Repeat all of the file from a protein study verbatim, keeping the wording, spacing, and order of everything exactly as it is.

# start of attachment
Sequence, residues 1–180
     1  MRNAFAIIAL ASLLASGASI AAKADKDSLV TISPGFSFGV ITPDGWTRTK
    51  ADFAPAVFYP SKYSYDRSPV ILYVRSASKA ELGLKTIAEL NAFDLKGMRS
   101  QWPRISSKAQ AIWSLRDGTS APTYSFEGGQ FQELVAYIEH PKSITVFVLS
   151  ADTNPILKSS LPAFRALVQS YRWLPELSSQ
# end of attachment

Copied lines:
Sequence, residues 1–180
     1  MRNAFAIIAL ASLLASGASI AAKADKDSLV TISPGFSFGV ITPDGWTRTK
    51  ADFAPAVFYP SKYSYDRSPV ILYVRSASKA ELGLKTIAEL NAFDLKGMRS
   101  QWPRISSKAQ AIWSLRDGTS APTYSFEGGQ FQELVAYIEH PKSITVFVLS
   151  ADTNPILKSS LPAFRALVQS YRWLPELSSQ